No, but to the gate; and there will the devil meet
me, like an old cuckold, with horns on his head, and
say 'Get you to heaven, Beatrice, get you to40
heaven; here's no place for you maids:' so deliver
I up my apes, and away to Saint Peter for the
heavens; he shows me where the bachelors sit, and
there live we as merry as the day is long.
meete mee like an old Cuckold with hornes on his head,
and say, get you to heauen Beatrice, get you to heauen,
heere's no place for you maids, so deliuer I vp my Apes,
and away to S[aint]. Peter: for the heauens, hee shewes mee
where the Batchellers sit, and there liue wee as merry as
the day is long
[To Hero] Well, niece, I trust you will be ruled
by your father.
Yes, faith; it is my cousin's duty to make curtsy
and say 'Father, as it please you.' But yet for all
that, cousin, let him be a handsome fellow, or else
make another curtsy and say 'Father, as it please50
and say, as it please you: but yet for all that cosin, let
him be a handsome fellow, or else make an other cursie,
and say, father, as it please me
Well, niece, I hope to see you one day fitted with a husband.
with a husband
Not till God make men of some other metal than
earth. Would it not grieve a woman to be
overmastered with a pierce of valiant dust? to make
an account of her life to a clod of wayward marl?
No, uncle, I'll none: Adam's sons are my brethren;
and, truly, I hold it a sin to match in my kindred.
then earth, would it not grieue a woman to be ouermastred
with a peece of valiant dust: to make account of
her life to a clod of waiward marle? no vnckle, ile none:
Adams sonnes are my brethren, and truly I hold it a sinne
to match in my kinred
Daughter, remember what I told you: if the prince
do solicit you in that kind, you know your answer.
Prince doe solicit you in that kinde, you know your answere
The fault will be in the music, cousin, if you be
not wooed in good time: if the prince be too
important, tell him there is measure in every thing
and so dance out the answer. For, hear me, Hero:
wooing, wedding, and repenting, is as a Scotch jig,
a measure, and a cinque pace: the first suit is hot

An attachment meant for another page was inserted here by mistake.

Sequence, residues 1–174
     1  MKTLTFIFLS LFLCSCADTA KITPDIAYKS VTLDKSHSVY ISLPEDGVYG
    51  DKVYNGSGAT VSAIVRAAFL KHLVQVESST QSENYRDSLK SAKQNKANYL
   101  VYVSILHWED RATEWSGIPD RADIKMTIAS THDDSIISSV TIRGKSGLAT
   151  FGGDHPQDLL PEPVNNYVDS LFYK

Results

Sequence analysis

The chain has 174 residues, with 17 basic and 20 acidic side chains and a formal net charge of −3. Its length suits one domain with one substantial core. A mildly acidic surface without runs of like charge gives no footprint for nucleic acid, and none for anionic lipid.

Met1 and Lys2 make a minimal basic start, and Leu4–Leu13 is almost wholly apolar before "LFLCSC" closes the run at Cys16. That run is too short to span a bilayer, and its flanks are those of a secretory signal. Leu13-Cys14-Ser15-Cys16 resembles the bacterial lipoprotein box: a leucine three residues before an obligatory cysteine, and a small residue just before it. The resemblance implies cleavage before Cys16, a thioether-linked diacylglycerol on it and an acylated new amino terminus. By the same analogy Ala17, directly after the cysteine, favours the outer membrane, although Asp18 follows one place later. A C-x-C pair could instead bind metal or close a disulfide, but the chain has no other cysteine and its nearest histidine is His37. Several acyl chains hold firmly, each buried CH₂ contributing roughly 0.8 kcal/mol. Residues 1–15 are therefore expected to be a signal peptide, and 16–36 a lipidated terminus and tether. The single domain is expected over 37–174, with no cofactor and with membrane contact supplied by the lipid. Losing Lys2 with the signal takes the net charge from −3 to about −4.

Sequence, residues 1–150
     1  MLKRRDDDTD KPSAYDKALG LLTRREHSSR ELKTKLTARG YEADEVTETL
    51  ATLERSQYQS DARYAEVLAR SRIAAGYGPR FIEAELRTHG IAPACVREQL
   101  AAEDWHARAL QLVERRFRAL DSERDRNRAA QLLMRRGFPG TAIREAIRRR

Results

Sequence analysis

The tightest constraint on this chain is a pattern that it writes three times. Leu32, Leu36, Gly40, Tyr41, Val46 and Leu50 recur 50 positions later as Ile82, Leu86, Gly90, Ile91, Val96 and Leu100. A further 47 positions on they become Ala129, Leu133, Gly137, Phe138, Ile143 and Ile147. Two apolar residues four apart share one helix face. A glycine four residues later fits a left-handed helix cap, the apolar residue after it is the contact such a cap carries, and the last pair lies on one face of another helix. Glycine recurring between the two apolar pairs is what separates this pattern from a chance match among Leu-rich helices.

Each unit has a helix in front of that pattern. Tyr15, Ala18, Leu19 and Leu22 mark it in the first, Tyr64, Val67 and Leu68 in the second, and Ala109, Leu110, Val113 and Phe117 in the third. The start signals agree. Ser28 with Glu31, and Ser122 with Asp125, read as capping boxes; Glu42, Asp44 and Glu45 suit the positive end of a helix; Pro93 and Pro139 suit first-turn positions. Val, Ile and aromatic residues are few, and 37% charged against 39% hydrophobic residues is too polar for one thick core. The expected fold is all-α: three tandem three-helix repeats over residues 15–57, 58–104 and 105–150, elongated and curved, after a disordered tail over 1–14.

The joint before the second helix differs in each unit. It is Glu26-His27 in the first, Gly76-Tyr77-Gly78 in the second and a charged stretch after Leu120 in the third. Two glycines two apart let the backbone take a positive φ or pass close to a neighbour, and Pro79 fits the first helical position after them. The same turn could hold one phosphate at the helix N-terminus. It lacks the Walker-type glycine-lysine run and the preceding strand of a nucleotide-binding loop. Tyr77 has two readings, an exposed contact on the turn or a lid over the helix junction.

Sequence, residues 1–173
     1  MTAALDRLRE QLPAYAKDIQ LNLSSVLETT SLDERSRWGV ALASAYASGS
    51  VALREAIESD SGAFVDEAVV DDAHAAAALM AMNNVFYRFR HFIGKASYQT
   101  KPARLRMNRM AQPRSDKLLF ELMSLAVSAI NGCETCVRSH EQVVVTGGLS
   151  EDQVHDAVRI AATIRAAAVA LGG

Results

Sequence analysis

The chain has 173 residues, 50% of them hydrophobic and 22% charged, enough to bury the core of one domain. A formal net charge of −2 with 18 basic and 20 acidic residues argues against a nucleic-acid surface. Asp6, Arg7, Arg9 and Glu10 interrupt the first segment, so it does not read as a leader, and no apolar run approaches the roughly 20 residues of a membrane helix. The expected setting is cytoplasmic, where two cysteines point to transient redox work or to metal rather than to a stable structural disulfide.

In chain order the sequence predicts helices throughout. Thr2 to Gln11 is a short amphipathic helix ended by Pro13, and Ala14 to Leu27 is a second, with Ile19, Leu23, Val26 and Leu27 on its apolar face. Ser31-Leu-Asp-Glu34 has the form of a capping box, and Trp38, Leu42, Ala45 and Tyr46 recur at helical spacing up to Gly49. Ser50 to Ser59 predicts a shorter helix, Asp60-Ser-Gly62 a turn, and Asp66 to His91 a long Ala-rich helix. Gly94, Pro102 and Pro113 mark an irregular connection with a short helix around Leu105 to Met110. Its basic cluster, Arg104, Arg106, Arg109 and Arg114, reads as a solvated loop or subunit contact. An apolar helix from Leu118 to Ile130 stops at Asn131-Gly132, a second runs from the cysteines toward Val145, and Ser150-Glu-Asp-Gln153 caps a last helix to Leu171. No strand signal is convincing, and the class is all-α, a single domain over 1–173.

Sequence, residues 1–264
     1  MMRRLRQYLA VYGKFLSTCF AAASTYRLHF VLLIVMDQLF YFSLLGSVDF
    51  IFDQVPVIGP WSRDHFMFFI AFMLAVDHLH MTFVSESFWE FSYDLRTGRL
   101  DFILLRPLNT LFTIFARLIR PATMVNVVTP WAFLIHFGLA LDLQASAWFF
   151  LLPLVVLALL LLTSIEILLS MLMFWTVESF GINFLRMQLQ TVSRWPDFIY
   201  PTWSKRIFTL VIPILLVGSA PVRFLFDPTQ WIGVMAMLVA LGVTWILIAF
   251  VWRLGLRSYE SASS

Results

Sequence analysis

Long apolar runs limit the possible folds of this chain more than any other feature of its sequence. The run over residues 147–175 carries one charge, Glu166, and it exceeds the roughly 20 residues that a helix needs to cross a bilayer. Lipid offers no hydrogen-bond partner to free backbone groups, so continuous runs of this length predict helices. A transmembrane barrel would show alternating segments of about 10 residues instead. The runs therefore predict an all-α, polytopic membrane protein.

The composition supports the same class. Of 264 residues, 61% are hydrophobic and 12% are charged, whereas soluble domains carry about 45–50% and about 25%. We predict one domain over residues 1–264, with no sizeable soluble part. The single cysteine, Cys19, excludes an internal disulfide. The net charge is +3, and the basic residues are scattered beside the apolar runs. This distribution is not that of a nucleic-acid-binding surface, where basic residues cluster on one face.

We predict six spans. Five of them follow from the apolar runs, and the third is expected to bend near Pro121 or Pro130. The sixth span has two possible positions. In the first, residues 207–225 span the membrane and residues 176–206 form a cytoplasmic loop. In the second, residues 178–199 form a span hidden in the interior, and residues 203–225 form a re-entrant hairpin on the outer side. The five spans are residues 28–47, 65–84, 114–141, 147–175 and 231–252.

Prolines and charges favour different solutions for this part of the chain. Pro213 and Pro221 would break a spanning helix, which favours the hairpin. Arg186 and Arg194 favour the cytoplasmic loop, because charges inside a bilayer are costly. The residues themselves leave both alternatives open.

and hasty, like a Scotch jig, and full as
fantastical; the wedding, mannerly-modest, as a
measure, full of state and ancientry; and then comes
repentance and, with his bad legs, falls into the70
cinque pace faster and faster, till he sink into his grave.
be not woed in good time: if the Prince bee too important,
tell him there is measure in euery thing, & so dance
out the answere, for heare me Hero, wooing, wedding, &
repenting, is as a Scotch jigge, a measure, and a cinquepace:
the first suite is hot and hasty like a Scotch jigge
(and full as fantasticall) the wedding manerly modest,
(as a measure) full of state & aunchentry, and then comes
repentance, and with his bad legs falls into the cinquepace
faster and faster, till he sinkes into his graue
Cousin, you apprehend passing shrewdly.
I have a good eye, uncle; I can see a church by daylight.
The revellers are entering, brother: make good room.
All put on their masks
Enter Don Pedro, Claudio, Benedick, Balthasar, Don John, Borachio, Margaret, Ursula And Others, wearing masks
Lady, will you walk about with your friend?
Enter Prince, Pedro, Claudio, and Benedicke, and Balthasar, or dumbe Iohn, Maskers with a drum.
So you walk softly and look sweetly and say nothing,
I am yours for the walk; and especially when I walk away.
nothing, I am yours for the walke, and especially when I
With me in your company?
I may say so, when I please.
And when please you to say so?
When I like your favour; for God defend the lute
should be like the case!
Lute should be like the case
My visor is Philemon's roof; within the house is Jove.
Why, then, your visor should be thatched.
Speak low, if you speak love.
Drawing her aside
Well, I would you did like me.
So would not I, for your own sake; for I have many
manie ill qualities
Which is one?
I say my prayers aloud.
I love you the better: the hearers may cry, Amen.
God match me with a good dancer!
And God keep him out of my sight when the dance is
done! Answer, clerk.
daunce is done: answer Clarke
No more words: the clerk is answered.
I know you well enough; you are Signior Antonio.
At a word, I am not.
I know you by the waggling of your head.
To tell you true, I counterfeit him.
You could never do him so ill-well, unless you were
the very man. Here's his dry hand up and down: you
are he, you are he.
you were the very man: here's his dry hand vp & down,
you are he, you are he
At a word, I am not.
Come, come, do you think I do not know you by your
excellent wit? can virtue hide itself? Go to,
mum, you are he: graces will appear, and there's an
you by your excellent wit? can vertue hide it selfe? goe
to mumme, you are he, graces will appeare, and there's
Will you not tell me who told you so?
No, you shall pardon me.
Nor will you not tell me who you are?
That I was disdainful, and that I had my good wit
out of the 'Hundred Merry Tales:'--well this was